My husband is always envious every Mother’s Day! Jokes aside, he marvels at the multiple celebrations of mothers, fortunately with pride because he knows we deserve it!
Driving home from morning mass on Mother’s Day, and scanning through the papers, I read an editorial on the recent saga of the abduction and release of 14 year old Ese Oruru, when a number of issues crossed my mind. 1. The apparent danger young girls face… Abduction for marriage. And 2. The obvious incompetency of our law enforcement agencies, especially in prosecuting cases for the ‘poor’.
How else can one explain the fact that Ese had been reported as a missing person to the police over six months prior, and progress only came after the ‘case’ was reported in the media. Anyway one can hardly blame the police given the fact that there are only 300,000+ officers to police our 170 million Nigerians!!!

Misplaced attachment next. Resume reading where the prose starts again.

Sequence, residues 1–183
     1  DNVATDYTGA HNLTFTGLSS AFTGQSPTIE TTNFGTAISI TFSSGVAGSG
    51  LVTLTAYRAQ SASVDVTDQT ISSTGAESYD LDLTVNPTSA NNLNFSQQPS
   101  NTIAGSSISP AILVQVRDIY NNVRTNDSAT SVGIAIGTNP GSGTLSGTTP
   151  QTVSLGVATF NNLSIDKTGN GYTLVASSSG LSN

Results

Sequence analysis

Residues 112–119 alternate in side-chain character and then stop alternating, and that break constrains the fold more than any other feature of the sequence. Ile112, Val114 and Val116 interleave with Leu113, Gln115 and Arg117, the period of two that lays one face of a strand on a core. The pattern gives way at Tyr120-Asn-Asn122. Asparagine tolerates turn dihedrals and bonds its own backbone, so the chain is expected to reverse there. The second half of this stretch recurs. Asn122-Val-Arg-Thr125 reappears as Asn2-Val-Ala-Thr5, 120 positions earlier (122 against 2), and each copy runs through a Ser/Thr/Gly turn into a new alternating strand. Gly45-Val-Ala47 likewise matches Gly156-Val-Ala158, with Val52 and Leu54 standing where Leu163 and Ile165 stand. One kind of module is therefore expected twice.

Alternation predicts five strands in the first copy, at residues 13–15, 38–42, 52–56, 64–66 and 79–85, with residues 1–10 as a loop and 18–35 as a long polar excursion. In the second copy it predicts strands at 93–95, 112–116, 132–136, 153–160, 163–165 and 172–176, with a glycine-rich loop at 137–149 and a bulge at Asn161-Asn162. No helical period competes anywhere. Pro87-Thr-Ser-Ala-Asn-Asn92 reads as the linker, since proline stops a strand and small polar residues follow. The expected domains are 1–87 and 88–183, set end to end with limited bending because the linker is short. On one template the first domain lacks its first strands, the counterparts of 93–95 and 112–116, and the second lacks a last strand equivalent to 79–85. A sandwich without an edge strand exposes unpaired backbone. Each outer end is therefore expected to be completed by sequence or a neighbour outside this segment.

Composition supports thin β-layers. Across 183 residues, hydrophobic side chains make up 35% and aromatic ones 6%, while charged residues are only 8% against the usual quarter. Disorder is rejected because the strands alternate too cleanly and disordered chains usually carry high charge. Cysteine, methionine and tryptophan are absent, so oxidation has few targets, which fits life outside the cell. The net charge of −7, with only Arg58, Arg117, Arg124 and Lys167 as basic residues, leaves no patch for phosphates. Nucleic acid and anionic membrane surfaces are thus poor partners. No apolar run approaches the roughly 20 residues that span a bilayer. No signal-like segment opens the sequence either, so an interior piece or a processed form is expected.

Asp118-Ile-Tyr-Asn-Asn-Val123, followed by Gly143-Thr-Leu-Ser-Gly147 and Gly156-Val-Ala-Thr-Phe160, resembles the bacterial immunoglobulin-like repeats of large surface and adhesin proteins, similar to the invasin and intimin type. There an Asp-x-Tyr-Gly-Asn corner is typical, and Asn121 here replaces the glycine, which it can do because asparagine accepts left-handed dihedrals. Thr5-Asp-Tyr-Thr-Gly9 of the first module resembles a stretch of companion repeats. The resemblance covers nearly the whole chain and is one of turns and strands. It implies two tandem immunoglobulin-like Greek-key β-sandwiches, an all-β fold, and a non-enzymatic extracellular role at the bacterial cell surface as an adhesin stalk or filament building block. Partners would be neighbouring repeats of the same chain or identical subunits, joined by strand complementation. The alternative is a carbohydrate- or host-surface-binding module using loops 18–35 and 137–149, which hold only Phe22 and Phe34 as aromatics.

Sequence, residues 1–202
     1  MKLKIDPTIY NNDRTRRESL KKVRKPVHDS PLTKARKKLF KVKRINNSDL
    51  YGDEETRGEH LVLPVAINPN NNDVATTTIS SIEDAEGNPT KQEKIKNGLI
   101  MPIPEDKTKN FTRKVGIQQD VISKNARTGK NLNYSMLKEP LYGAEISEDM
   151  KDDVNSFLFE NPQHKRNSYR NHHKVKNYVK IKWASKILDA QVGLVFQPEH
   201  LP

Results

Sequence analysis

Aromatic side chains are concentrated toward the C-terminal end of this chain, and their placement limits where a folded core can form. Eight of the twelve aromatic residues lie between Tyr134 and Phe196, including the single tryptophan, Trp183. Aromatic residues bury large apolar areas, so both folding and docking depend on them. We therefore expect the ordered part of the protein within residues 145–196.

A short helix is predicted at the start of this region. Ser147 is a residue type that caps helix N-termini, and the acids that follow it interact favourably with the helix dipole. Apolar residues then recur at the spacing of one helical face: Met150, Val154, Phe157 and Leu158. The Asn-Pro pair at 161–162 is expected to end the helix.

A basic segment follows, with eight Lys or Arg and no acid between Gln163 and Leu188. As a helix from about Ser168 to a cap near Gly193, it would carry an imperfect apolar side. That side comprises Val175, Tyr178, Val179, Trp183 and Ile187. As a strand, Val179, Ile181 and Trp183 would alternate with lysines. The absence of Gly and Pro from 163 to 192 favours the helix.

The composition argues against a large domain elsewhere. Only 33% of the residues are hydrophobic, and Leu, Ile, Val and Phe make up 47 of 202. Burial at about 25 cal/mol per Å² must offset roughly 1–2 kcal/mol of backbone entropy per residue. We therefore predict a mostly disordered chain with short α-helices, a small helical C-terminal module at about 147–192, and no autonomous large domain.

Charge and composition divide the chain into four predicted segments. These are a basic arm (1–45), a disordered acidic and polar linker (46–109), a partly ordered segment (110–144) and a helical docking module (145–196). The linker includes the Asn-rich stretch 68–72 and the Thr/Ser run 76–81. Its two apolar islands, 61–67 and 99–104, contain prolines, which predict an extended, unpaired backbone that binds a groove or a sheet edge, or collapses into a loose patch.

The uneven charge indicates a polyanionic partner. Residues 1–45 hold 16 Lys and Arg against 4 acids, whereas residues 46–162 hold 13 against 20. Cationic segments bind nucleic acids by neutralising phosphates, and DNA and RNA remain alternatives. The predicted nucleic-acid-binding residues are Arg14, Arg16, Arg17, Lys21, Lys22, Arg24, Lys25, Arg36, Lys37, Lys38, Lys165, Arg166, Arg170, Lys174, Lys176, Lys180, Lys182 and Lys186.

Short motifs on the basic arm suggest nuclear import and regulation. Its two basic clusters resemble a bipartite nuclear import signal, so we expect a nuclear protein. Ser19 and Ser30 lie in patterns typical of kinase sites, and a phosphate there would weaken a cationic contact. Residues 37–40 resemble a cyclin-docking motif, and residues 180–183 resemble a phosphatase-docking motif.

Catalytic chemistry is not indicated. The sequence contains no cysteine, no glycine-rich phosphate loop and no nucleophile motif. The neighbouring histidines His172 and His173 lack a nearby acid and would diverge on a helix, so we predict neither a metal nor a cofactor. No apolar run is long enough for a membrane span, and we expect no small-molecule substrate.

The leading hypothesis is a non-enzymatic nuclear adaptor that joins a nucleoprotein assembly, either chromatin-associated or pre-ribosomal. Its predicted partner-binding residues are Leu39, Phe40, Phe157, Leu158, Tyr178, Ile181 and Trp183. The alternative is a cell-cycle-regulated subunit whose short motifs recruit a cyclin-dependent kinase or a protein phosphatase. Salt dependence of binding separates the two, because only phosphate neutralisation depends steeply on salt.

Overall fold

For now as we celebrate motherhood my heart aches at all that’s wrong with the Ese story, and what it says of our country. Ese is on course to becoming a mum herself, though like with most things Nigerian, vague uncertainty clouded the truth for a while as there were are speculations and denials that regarding the pregnancy; which really shouldn’t have been as she was purportedly abducted for conversion and marriage. After all sex is part of marital relations and becoming pregnant six months after is not unusual.
That a similar story broke in that same week that Ese won her freedom, is scary!!! In fact I read of two other cases of young girls in kaduna state who had witnessed the same fate and were yet to gain their freedom months, even years after.
I therefore wonder how many such cases exist that are unreported, and how being a teenage Christian girl living in the north could be a potential hazard. Especially if your parents are poor and unlikely to have easy access to justice.
I think women and human rights groups north of the Niger need to speak up on this, and I use this occasion of Mother’s Day to make that call.